Create a piece of imaginative, discursive or persuasive writing that ENDS with the image above.
‘But enough about me,’ he says. ‘You had a question.’
‘What’s it like? When you get there.’
He thinks for a minute and says, ‘You stand in a narrow laneway between streets, the walls covered in graffiti by a multitude of hands. At the far end you can see traffic, buildings, the open back of a van. Everything you’d expect at one end of a city laneway.
You start walking down the alley, anxious to get to the other end. You don’t look at the garish picture which, though not to your taste, have been done with some skill. Your mind is occupied with what the street ahead will be like and what kind of people will be on it. Will you stand out? Will you see people you know? (You think of some people you really don’t want to see, people whom it would be distinctly awkward to see in this situation.
At some point you look back over your shoulder and see the street you just left, still behind you, still with traffic and pedestrians, the same things you’d been doing a second ago going on.
What’s to think about? You’re just in a laneway between two similar streets which represents two points in a day in your life. This alley is so unremarkable it doesn’t even have a name, and your time in it so un-unusual tht it doesn’t rate your full attention.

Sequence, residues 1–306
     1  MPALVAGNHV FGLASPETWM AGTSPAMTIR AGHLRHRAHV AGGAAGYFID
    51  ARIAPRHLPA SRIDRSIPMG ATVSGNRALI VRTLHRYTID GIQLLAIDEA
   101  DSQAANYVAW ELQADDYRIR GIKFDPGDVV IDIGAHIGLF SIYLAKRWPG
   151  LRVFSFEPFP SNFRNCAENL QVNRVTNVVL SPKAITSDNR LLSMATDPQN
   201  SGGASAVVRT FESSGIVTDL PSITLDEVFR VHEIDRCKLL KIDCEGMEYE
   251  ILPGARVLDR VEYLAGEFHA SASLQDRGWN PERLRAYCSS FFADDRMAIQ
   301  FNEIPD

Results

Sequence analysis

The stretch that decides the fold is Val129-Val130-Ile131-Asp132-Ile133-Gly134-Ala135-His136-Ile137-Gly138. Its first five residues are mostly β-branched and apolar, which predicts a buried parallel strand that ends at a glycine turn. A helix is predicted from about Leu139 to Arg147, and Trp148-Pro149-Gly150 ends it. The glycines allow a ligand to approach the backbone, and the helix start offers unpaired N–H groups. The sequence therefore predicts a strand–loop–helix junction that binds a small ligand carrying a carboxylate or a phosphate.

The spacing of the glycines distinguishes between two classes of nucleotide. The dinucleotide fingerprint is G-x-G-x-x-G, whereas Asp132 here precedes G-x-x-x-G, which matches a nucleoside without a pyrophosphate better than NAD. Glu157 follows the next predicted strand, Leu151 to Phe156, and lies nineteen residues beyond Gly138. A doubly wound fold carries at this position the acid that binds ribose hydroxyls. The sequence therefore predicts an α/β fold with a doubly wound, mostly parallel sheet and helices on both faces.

And yet the street at the other end, your destination street, is getting further away. Or maybe you’re getting further away from it. Shouldn’t you have walked the whole length of the alley by now? And how can there be so much graffiti? Shouldn’t someone have cleaned it off.
You keep walking but – you know what I’m going to say. You never reach that end of the alley. After a while (and the length of time depends on your personality) you begin to pay attention to the pictures on the walls. The faces in their super-saturated colours, the tags that make you wonder what was so wrong with the name parents had given the tagger. The windows high above the graffiti still glow with light. An occasional shadow passes across them. Blinds are let down for the end of the day, or maybe it’s the beginning.
Time has lost its shape for you.
You’re tired, but not in your body. You’re tired because you know that you’re going to spend this, this dead time, exactly as you spent your living time – hurrying to a place that’s just like the one you left, ignoring the milions of inbetween moments where you’re shown the faces and works of others in exactly the same posiiton, and believing that this eternal hurrying toward, the gaining, gaining, gaining, is all of it.’
‘But – that can’t be it, surely? Just that?’
‘It’s funny,’ he says, before getting off, ‘I was just going to say that to you.’
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